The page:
Someone (it was Sigmund Freud) once asked, what do women want?
The answer is not shoes — and an even harder question is what do city residents want, or at least what do they like and dislike.
Philadelphia surveyed 20,000 residents last year — I was one of them — and the results were disheartening to anyone who cares about this city.
Two-thirds of city residents rated city services as fair or poor — grades that would not get you into grad school. Unbelievably, the report’s executive summary says a grade of “fair” — 45% of the total — is “satisfactory.” If fair = satisfactory, no wonder civic improvement is hard to come by. That is complacency.
The scores were slightly lower than the previous survey, yet Jim Kenney — whose job is city services — got re-elected in a landslide, proving that if you are a Philadelphia Democrat there are no consequences for failure, at least no consequences from Republicans.
Before I delve into the survey, let me share two question pages. The survey, as is customary, did not ask for names, in order to produce more honest comments. But it did want some demographics, so it asked these questions about sexual identity:
Yes, one set of questions was not enough — we need two. This is where Kenney’s head is, buried in how we can divide people, cloaked in the pretext of inclusion. (In case you can’t read the questionnaires, Top: female, male, non-binary/third gender, intersex, prefer to self describe, prefer not to say. Bottom: heterosexual/straight, gay, lesbian, bisexual, pansexual/queer, asexual, different identity.)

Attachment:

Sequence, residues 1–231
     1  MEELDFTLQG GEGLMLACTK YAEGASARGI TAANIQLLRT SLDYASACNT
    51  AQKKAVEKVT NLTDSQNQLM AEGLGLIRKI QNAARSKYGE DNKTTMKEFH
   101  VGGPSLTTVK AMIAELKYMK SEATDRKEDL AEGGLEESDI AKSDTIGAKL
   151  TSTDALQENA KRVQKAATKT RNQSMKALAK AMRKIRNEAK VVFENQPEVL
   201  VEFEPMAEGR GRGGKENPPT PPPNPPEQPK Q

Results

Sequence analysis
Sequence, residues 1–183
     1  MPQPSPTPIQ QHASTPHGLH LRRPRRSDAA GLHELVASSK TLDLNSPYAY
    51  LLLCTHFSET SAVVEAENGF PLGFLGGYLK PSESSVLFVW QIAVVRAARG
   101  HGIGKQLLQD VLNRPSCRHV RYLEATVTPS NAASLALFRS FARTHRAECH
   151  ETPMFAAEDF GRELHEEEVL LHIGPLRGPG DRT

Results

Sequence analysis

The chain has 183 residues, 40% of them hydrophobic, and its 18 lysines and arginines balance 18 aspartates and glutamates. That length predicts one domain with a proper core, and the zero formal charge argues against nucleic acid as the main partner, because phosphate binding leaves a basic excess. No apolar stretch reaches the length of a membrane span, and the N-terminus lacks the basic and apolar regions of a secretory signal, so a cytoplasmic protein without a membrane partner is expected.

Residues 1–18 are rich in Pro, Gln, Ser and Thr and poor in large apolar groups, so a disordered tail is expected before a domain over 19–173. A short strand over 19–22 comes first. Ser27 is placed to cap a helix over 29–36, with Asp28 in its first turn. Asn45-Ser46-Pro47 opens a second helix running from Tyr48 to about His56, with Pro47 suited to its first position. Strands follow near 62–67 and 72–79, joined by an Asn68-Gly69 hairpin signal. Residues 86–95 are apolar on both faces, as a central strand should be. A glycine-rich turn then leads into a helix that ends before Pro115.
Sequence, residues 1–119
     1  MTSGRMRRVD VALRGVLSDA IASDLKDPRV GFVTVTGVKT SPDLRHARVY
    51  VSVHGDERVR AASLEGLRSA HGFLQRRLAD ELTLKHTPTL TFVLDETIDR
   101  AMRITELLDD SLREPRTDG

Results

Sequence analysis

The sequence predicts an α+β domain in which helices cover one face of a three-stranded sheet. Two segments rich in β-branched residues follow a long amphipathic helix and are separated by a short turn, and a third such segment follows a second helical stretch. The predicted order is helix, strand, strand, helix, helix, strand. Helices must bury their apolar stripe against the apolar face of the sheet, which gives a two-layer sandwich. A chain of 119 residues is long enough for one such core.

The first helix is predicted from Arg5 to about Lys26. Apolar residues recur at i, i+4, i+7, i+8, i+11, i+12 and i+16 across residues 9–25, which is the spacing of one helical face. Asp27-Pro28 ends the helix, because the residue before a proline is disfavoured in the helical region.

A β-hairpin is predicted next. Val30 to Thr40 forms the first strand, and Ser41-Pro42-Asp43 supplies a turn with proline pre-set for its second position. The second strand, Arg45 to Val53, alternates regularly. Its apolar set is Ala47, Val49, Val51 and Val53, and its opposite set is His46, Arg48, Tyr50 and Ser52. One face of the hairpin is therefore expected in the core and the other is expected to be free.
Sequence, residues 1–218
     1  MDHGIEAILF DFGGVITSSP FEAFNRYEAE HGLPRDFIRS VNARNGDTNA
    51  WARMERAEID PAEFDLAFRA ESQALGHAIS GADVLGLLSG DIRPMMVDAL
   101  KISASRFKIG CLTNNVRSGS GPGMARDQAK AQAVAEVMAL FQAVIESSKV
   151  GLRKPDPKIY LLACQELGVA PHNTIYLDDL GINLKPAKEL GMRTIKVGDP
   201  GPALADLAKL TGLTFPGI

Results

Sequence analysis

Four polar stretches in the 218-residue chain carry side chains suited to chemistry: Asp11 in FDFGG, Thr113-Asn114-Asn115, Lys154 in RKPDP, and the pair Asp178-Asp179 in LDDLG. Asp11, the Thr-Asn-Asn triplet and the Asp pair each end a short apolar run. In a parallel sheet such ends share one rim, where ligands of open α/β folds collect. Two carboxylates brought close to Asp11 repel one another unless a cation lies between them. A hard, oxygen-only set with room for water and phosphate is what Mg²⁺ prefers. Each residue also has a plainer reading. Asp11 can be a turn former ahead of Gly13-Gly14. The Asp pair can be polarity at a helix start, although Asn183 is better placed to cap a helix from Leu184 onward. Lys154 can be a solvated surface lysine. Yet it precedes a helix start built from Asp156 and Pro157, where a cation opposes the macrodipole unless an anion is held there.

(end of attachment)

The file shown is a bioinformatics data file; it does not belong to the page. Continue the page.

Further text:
Almost half of respondents said they felt safe in their neighborhoods, with the more positive replies coming from people with higher educational attainment living in better neighborhoods. D’uh! A noteworthy black mark of 31% felt their neighborhood had not improved since they moved in, while 27% felt it had improved. The remainder were neutral.
Almost half (48%) of Philadelphians said police service was excellent or good, while 75% felt the same about fire services. Only 25% said traffic enforcement was excellent or good. I have reported on poor enforcement for years.
Only 25% said local schools were satisfactory, but here’s a little catch, one that also applies to police services.
Philadelphia has about 1.5 million residents and 202,538 students in public schools, less than 15% of the population. Sure, we all should care about education, but if we don’t have a kid in school, chances are we don’t. It’s just the way it is.
Ditto the rising homicide rate. Unless you live in a neighborhood — North Philly, West Philly, Southwest Philly — where people are getting gunned down every night, chances are you don’t care that much. If we did care, it would be No. 1 on our list of concerns, but it isn’t. Streets are. Why? We all experience streets.
I am not saying this kind of thinking is good — it is not. The city as a whole — like the nation as a whole — should be something we all care about, but my personal experience is that we don’t.
And that’s why more Philadelphians care about busted up streets than they do about homicide.